So you’ve decided it’s time. You’re giving up on the fatigue-inducing self-help addiction, the glow-up-quick schemes, the perfectionism-based procrastination. You’re going to change your life, and you’re going to do it the right way. Where to first?

May I suggest that, before doing anything else, you carve out time to establish a baseline?


A baseline is defined as “a minimum or starting point used for comparisons.” Whenever you see online transformations, they always have some initial data to compare their relative wins with. Businesses and organisations use baseline data to figure out the next steps to success. In teaching, we use baseline data to customise our lessons for the specific students sitting in front of us each day.


Toggl explains that a baseline is important because it “allows you to efficiently oversee and manage how a change in your schedule, cost, or scope affects everything else.” They are speaking from a project-based perspective, but are we not our own biggest, longest projects?

It isn’t irrational to hesitate about the thought of reducing yourself to mere numbers. Indeed, when we obsess about associating our identity with emotionless data, it can spell trouble. But the flipside is also true – taking a break from subjective perceptions of our efforts and realities can be truly refreshing! The objectivity of baseline data provides, if nothing else, a concrete starting point that will guide your next steps.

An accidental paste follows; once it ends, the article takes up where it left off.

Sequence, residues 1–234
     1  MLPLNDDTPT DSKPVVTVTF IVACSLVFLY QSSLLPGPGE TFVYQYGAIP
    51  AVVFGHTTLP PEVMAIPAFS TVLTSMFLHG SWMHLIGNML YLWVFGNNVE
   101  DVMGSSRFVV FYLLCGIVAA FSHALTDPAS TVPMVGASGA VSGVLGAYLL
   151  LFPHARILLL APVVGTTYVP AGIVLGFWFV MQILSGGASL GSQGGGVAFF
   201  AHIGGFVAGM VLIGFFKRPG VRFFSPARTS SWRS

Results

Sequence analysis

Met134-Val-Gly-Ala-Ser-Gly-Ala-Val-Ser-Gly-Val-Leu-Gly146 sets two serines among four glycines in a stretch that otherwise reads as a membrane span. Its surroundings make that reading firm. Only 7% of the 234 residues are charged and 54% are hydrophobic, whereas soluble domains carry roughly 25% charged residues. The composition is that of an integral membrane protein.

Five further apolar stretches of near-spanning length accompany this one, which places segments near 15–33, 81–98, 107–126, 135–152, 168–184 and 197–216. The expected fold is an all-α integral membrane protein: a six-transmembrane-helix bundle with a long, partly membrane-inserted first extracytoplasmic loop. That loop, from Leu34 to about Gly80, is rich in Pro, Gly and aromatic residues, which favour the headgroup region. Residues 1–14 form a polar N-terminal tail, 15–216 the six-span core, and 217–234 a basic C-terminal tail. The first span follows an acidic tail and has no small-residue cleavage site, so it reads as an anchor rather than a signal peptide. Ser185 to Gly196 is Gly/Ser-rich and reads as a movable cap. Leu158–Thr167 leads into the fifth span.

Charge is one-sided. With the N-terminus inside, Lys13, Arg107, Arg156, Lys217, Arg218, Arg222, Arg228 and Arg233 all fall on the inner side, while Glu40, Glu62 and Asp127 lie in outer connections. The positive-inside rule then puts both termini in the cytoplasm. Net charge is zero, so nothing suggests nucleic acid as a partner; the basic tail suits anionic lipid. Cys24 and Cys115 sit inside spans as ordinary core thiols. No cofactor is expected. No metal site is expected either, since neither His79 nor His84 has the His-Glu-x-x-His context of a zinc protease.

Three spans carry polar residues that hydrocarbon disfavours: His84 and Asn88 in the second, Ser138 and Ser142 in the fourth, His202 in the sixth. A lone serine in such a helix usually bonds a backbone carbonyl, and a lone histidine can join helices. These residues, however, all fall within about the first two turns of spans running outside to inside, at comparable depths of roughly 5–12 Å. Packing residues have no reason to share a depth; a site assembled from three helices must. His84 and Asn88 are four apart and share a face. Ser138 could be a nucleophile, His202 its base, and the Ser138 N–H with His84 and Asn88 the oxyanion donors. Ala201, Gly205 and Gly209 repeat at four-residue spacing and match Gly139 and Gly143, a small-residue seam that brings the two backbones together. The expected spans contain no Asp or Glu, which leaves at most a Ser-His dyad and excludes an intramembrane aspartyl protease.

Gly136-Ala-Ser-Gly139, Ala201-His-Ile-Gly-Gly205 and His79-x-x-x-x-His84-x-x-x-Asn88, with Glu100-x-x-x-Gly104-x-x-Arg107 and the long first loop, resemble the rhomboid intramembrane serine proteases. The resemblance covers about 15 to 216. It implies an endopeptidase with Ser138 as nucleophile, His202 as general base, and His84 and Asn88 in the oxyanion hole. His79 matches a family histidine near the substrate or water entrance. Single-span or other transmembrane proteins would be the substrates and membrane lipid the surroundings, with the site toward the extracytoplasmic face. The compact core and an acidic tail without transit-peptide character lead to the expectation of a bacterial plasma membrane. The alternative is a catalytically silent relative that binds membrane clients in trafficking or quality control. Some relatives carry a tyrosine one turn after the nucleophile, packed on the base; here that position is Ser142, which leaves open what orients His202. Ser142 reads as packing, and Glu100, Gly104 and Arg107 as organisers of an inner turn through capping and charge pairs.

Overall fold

Baseline data also moves you away from idealism, in turn towards the reality you’ll be living at least for the immediate future. It’s easy enough to get caught up in this sense of what if… fantasising. We close our eyes and play out what we’d do, if only we could break open our armour and let our true, deeply embedded personas unleash themselves upon the world. Spoiler: This does not work.

What does work? Knowing that you haven’t been able to get out of bed before 6am two weeks in a row, and that you haven’t been going to sleep before midnight for just as long. Suddenly you no longer have to wonder why you feel your energy levels slumping midway through the work day. The answer is right in front of you, in black and white.

Knowing our starting points will allow you to foresee problems and plan for them. Obviously we can’t predict anything, so a baseline will allow you to reflect on your ongoing results and pinpoint the factors affecting them.


There are different ways to establish baseline data. What you will need straight-up is uninterrupted time to journal and/or reflect on your thoughts. The goal is to palm down the urge to think big and ambitious, and instead formulate single action steps that will, over time, make a difference to the less shiny elements of your current lifestyle.

To take away some of the initial brainwork, you might find it eye-opening to take an online questionnaire that reveals your current levels of effectiveness across the various aspects of your life.

In starting my own official, bonafide, this-is-it-I’m-doing-it-the-right-way journey to true personal development, I figured I’d better gather some baseline data about my habits and lifestyle. Just to see how effective I really am.